Somewhere I remember seeing a photo of one of these cut in half, but I can't find it now. Yes, they basically create their own soil from the dead plants that are left behind as now ones grow outwards. I just water the entire plant surface until water drains out. They get watered whenever my other succulents do, every other day during midsummer and as little as once every couple weeks during our cloudy winters. I typically fertilize my plants every time I water, but I'm sure that's not necessary. It's just more convenient for me to fertilize lightly every time rather than try to remember when I last did it. It's really a very tolerant plant, and I've never had a problem with it.
Thanks again for your help Chris, I also already water/fertilize the way that you do. I found a bowl type shallow clay pot amongst my pot stash in the garage so I'm all set. I'm anxious to get the plant so I can start watching it grow.
My plant arrived in the mail today. Nice and healthy looking with a great set of roots. All potted up and ready to go. Does anyone have any special tips for growing ? Mike
Awesome plant ! Anyone seen one in flower? That must be something!
I've never seen the flowers in person but this is a picture from the Internet. I love the green color and the way they hang down. Mike
Green is a rare colour in flowers.
The flowers aren't really that noticeable except up close, and while I've seen some thriving examples of this plant growing in the botanic garden here in Berkeley and also San francisco, in my experience it is not the easiest plant to get to thrive. I've had it growing well enough several times in containers, and then lost it to rot. Small divisions are also not the easiest things to get rooted if grown outdoors without a greenhouse, and they only seem to root if done during the warmer months. Larger denser clumps I've had have also had to battle with insiduous Oxalis corniculata, the common weedy oxalis that seems to be everywhere in container plants here in California, is nearly impossible to keep apart from the Deuterocohnia.
In sum, I've given up trying to grow this particular bromeliad, although it seems to thrive with next to no care in the new desert section up the hill at the UC Berkeley Botanic Garden with next to no care. I've killed them at least a dozen times, and I suspect it prefers it warmer and sunnier than what I've been giving it, and I don't seem in sync with its watering preferences. Some plants one just shouldn't keep on trying to torture, and this is one of those for me. Longest lasting plant for me lasted 5 years, then got infested with Oxalis and started to decline. Attempting to root divisions in mid summer, killed them all off within months. Maybe with a greenhouse and warmer conditions than my 55 degree F nights in summer they would do better.
David, it sounds like you may need a more porous soil for this one. Mine grows in a mix of pumice, granite, and Turface. No organics or fine material whatsoever.
(This is not Deuterocohnia, but the soil is the same.)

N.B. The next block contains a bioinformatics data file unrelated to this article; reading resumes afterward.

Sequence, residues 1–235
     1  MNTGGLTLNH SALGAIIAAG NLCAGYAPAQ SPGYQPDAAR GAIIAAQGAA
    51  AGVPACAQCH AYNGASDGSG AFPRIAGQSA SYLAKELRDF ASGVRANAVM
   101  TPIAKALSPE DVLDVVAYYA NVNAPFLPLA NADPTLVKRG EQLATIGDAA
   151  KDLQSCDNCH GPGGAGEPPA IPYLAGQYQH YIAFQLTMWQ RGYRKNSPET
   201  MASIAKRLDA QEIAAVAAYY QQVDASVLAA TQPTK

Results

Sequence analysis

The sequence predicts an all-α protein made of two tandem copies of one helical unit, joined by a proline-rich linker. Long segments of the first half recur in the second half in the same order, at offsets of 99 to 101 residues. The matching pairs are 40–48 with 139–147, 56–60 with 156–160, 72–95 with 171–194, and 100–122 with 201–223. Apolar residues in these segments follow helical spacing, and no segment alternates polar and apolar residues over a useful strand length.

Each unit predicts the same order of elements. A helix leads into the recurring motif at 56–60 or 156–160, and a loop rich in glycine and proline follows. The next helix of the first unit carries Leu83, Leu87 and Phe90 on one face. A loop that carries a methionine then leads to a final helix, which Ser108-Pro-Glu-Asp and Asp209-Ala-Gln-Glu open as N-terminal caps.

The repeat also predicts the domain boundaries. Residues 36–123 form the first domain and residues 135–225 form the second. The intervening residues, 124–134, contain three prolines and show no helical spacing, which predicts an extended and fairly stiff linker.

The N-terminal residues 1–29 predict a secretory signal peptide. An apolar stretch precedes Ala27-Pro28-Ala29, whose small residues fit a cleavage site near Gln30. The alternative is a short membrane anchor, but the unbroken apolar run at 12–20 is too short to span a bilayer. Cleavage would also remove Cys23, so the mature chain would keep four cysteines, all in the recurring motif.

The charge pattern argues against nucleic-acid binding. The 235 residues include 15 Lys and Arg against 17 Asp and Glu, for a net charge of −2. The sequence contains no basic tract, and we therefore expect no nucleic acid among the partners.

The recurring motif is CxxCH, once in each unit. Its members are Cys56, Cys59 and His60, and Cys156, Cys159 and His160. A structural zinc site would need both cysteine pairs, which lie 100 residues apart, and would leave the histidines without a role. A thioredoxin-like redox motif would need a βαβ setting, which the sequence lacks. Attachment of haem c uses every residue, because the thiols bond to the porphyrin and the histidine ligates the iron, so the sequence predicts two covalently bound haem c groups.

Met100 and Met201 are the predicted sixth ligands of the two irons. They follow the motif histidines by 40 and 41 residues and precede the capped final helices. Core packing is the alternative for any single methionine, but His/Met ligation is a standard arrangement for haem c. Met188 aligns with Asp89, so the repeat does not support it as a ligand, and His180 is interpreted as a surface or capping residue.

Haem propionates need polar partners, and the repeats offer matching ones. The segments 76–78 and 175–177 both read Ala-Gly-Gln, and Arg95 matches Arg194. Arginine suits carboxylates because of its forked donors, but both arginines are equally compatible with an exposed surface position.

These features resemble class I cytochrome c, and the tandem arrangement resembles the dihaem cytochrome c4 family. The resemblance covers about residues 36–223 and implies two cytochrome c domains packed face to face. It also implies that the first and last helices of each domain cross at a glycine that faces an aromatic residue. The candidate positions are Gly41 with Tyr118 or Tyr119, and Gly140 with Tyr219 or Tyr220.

It never sits in soggy soil with a mix like this, and doesn't seem to mind drying out at all. Maybe a gritty, inorganic soil suits this one best.
Mike, I can't tell what's under that top dressing, but you may want to avoid using anything too water retentive, especially in a pot that big.
here is a larger plant outdoors in flower... you have to look sort of hard, but there are a number of greenish-yellow flowers on this plant
here's a closer shot
and for those that are tired of green plants, Deuterocohnia lorentziana is a nice alternative
Beautiful plants lzrddr.. Thanks for posting the pics. Mike
I'm a bit late to this forum, but it is a very cool plant. I saw it in the desert in southern Bolivia five years ago and just spotted a small specimen growing in the US Botanic Garden last week.
It's fascinating in the wild - huge mounds (biggest were 20' x 5') on the sides of protected crevices in rock outcroppings in the Atacama - pretty much anywhere that will funnel water to it. It was the only vegetation visible for miles up and down this valley; the area gets less than 2 cm of rain per year, it's at 12,000'-14,000', it's always windy, and the soil away from the rocks is just abrasive volcanic ash. This plant's a real survivor.
Here is an interesting one from the recent San Diego C&SS Winter Show.
Those are some nice plants - I'd welcome repotting them, as long as I wear a welding suit. That other Deut. is nice too - I like the colour.
Let's see pictures of them, please. Habitat plants are where it's at, literally.
That plant would grow so well for you, it'd be the size of a sheep in a few years.
I stand corrected - there were a (very) few other plants there, but D. brevifolia was hands-down the dominant species. I attached a pic of one of the big mounds. I think those rocks are about 10'-15' tall.
That picture is really, really hard to comprehend properly. Holy Toledo, plant lava.
Adam, could you park that pic at a photo-sharing site? I'd sure like to share it at another C&S site (Xeric World), where a discussion of this plant is ongoing, but no one, and I mean no one, has seen a picture like that.
This post was edited by cactusmcharris on Thu, Feb 13, 14 at 20:29
No problem - put some in a Google+ album.
Here is a link that might be useful: pics of D. brevifolia
Kevin, thanks very much - those are just out of this world. Like sausage, here's a link.
Here is a link that might be useful: No shortage of a short leaf